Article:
Hopes have been raised that a major new announcement will end the limbo blocking thousands of homes in Norfolk from being built.

The government has unveiled a raft of measures it says will mean homes can be built without causing pollution to waterways such as the River Wensum and the Broads.

Measures include a legal duty on water companies to upgrade wastewater treatment works by 2030.

Eastern Daily Press: Councils have not been able to grant permission for thousands of homes in NorfolkCouncils have not been able to grant permission for thousands of homes in Norfolk (Image: Chris Bishop)

A new Nutrient Mitigation Scheme would see new woodland and wetland schemes created, which developers could buy 'credits' for - mitigating for the nutrients created by their projects.

Norfolk council leaders hope that will end a frustrating period when a directive from Natural England stopped them approving planning permission for homes within the catchment areas of the Wensum and the Broads.

The government advisor said, in March, councils could not approve plans involving 'overnight accommodation', until they could prove they would not lead to more nutrients flowing into waterways.

Such nutrients reduce oxygen in the water and make it harder for aquatic species to survive.

The government announcement was welcomed, although most councils said they needed to work through the detail.

Eastern Daily Press: John Fuller, chairman of the Norfolk strategic planning member forumJohn Fuller, chairman of the Norfolk strategic planning member forum (Image: Archant)

South Norfolk Council leader John Fuller said. “This is a material and welcome change in the position from central government and Natural England placing responsibility on water companies to manage sewage outfall, which is obviously as it should be.

"We need a short time to assess this new situation and then progressively and in a phased manner, unlock the planning applications that have been stuck."

Spokespeople for Norwich City Council, West Norfolk Council and North Norfolk Council said they needed to consider the latest announcement in more detail.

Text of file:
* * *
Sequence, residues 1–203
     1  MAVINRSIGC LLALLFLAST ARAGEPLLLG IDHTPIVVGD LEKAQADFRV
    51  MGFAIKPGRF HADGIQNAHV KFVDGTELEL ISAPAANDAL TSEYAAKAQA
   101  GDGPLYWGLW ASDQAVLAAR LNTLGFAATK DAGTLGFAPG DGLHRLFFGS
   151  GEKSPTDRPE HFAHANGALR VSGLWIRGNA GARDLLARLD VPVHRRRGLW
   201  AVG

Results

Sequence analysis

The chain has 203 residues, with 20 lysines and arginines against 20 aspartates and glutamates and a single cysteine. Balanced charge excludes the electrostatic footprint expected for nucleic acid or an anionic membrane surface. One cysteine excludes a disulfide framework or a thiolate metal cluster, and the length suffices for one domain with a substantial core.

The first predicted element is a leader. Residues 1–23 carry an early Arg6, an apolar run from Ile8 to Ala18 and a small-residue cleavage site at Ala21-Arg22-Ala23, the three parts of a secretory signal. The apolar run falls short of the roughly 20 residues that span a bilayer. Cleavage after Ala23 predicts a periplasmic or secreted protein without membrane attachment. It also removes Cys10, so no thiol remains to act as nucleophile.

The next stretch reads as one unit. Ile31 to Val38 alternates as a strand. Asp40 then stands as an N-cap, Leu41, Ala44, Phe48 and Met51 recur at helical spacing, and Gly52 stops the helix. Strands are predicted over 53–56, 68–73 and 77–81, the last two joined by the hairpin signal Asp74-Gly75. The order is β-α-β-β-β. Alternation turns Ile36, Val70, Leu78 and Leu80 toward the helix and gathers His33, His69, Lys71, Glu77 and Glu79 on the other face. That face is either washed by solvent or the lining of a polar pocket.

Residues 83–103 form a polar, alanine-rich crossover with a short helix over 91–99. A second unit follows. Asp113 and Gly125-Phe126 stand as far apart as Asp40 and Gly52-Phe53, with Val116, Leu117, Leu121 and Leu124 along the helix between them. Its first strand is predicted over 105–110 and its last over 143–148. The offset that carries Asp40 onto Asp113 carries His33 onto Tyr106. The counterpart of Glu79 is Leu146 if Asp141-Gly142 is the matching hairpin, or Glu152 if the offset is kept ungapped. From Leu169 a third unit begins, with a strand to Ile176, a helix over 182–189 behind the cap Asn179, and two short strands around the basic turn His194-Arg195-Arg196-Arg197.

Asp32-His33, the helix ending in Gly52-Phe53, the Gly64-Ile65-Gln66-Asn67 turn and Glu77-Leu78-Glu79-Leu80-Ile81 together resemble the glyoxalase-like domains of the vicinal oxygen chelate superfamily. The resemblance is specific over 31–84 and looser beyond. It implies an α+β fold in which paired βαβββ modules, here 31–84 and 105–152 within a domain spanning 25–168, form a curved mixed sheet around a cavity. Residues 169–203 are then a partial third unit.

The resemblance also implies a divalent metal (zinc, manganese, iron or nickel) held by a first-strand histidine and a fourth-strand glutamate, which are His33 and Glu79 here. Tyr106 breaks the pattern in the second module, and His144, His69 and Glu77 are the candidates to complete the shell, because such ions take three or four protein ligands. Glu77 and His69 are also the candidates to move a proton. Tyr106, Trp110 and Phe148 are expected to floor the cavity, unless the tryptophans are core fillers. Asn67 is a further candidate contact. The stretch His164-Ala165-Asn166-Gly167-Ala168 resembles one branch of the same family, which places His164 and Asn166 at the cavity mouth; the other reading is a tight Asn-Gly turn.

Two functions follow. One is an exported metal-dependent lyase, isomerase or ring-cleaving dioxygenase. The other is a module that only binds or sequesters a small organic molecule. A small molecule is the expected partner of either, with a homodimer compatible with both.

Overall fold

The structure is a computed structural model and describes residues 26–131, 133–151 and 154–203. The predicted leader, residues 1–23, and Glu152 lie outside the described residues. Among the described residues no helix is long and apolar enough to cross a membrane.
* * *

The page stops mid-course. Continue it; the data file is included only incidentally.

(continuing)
They said councils would work together to establish how it would be put into practice.

An Anglian Water spokesperson said: “Our water recycling centres across Norfolk operate well within their current legal permit requirements, but we welcome the opportunity to go further to reduce the levels of nutrients such as phosphate and nitrogen entering the environment.

"We must recognise there are a number of other significant sources of these nutrients, in particular the agriculture sector and domestic septic tanks, and we look forward to continuing to work collaboratively with other sectors and agencies including house builders to develop and fund a portfolio of options to solve this complex issue."

How will it work?

The Nutrient Mitigation Scheme will create new wetlands and woodlands.

The government says that will be done in partnership with green groups and other privately led nutrient mitigation schemes, with funding from Defra and the Department for Levelling Up, Housing and Communities.

Those new habitats would ‘soak up’ or mitigate the impacts of unavoidable nutrient pollution.

The scheme will be open to all developers, with priority given to smaller builders who are most affected and will open in the autumn.

Eastern Daily Press: Tony Juniper, chairman of Natural EnglandTony Juniper, chairman of Natural England (Image: Archant)

Natural England chairman Tony Juniper said: "The duty on water companies and the Nutrient Mitigation Scheme mark significant steps forward, and will help join up the various approaches to improving water quality and bring about multiple other benefits.

"They will provide the tools needed to help planning authorities, developers and water and land managers to both build new homes and support the healthy rivers and lakes that are vital for restoring nature and creating beautiful places for everyone to enjoy.”